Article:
AMERICAN MADE Review — A Real Life Caper With Edge

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American Made ReviewAmerican Made Review — Tom Cruise and Doug Liman are red, white and bruised

by Staci Layne Wilson @StaciWilson

Nobody’s as American made as Tom Cruise – from his portrayal as the apple-pie enterprising teen in Risky Business to his Oscar-winning turn as real-life hero Ron Kovic in Born on the Fourth of July (and many more patriotic performances) – it’s that twinkle in his eye that sells with a smile. His latest big screen bonanza is American Made, where he stars as Barry Seal, a talented but bored airline pilot who turned to illegal activities for kicks and wound up paying a heavy price.

Barry begins with small-time smuggling on the side, but before long, he is recruited by the CIA to provide reconnaissance on the burgeoning communist threat in Central America. He somehow finds himself involved in one of the biggest covert CIA operations in the history of the United States. From the cockpit to the cartels, Barry’s bold venture helps spawn Pablo Escobar’s Medellin misadventure and almost brings down the Reagan White House.

While this true story is fascinating, Cruise deserves his due for bringing it all so breathlessly to life. Yes, the Barry we see onscreen is glib and foolhardy at times. But as interpreted by Cruise (donning a Southern drawl), he’s got charm to spare along with the gravitas age brings to anchor this delightfully watchable escapade into some sense of time and place.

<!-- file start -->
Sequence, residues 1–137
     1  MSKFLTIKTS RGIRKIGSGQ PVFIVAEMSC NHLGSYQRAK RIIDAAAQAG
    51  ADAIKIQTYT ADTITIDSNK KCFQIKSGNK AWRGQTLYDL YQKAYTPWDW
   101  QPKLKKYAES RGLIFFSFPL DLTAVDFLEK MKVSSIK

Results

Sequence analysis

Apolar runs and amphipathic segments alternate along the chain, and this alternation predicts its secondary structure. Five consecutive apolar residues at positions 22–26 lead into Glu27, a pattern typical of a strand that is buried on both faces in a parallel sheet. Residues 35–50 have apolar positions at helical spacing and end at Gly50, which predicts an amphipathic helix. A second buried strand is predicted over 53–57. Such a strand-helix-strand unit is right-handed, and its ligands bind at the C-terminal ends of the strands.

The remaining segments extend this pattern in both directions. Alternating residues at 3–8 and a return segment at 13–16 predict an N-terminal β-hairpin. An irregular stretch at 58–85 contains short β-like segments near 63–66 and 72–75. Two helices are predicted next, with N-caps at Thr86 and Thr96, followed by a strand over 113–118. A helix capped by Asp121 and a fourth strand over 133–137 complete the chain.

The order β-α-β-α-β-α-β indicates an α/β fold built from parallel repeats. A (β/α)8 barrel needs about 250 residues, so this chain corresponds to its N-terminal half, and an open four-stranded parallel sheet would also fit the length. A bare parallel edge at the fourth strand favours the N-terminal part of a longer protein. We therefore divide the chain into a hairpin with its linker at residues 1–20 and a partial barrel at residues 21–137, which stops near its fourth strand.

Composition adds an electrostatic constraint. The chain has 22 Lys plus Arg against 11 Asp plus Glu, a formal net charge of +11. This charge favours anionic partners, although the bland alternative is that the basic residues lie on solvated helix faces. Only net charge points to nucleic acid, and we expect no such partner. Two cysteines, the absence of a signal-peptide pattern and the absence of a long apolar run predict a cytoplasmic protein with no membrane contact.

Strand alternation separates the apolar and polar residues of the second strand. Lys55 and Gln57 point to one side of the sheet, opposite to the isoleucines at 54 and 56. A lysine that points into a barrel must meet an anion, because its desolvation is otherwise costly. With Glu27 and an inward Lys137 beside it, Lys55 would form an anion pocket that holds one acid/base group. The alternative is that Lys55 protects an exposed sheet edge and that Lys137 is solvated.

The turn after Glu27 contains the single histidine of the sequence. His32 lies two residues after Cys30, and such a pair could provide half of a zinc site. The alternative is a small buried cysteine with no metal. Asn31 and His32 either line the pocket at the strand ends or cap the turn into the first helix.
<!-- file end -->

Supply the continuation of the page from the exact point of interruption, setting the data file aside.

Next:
While relatively unknown screenwriter Gary Spinelli doesn’t dig too deep beyond the seductive surface of Barry’s money, picture-perfect family and joyous addiction to the rush of being undercover, that’s OK. Not every cautionary tale has to be laden with lessons of doom and gloom. Director Doug Liman’s done so many great popcorn movies – from Swingers, to Mr. and Mrs. Smith, to The Bourne Identity. But beyond pure entertainment, Liman gravitates to star-driven material that’s also got edge.

The movie is shakily shot – a Liman trademark. Even when characters are calmly sitting on the sofa talking, the camera is a 4.7 on the Richter scale. But the aliveness somehow lends itself to the story and it’s not as annoying as usual. The score offers up some familiar Top 40s from the 70s and 80s, but the music is never gimmicky. The cars are cool (Barry favors Caddys) and kitschy (those who survived the era will be given bad flashbacks via the Gremlin hatchback).

American Made does everything it should: it educates and it entertains.

Rated R
1 hour 55 minutes

 

American Made Review — Tom Cruise and Doug Liman are red, white and bruised

by Staci Layne Wilson @StaciWilson

 

 

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Staci Layne Wilson

Staci Layne Wilson

Staci Layne Wilson is an accomplished writer / director / producer / film critic and the author the bestseller So L.A. - A Hollywood Memoir. Find her on StaciLayneWilson.com

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